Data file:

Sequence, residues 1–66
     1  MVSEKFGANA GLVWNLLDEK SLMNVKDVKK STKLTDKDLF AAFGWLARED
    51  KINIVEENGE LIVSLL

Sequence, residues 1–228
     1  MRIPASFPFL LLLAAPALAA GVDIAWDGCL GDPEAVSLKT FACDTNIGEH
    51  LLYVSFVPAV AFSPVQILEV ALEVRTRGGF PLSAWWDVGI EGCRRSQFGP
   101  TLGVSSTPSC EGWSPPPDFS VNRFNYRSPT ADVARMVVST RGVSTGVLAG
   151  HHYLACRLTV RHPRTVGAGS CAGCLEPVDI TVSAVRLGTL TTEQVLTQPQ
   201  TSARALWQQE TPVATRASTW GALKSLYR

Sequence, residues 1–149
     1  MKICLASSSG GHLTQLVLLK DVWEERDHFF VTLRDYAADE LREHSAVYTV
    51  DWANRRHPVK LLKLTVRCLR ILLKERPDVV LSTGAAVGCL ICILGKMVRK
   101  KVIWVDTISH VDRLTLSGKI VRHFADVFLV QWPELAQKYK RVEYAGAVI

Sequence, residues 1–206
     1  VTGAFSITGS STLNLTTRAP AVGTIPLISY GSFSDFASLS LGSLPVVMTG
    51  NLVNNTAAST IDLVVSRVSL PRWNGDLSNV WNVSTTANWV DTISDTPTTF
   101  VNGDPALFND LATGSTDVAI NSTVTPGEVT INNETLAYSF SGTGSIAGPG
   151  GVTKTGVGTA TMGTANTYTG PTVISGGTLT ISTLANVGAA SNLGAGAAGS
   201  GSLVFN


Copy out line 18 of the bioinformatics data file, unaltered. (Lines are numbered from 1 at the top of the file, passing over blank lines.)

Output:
   151  GVTKTGVGTA TMGTANTYTG PTVISGGTLT ISTLANVGAA SNLGAGAAGS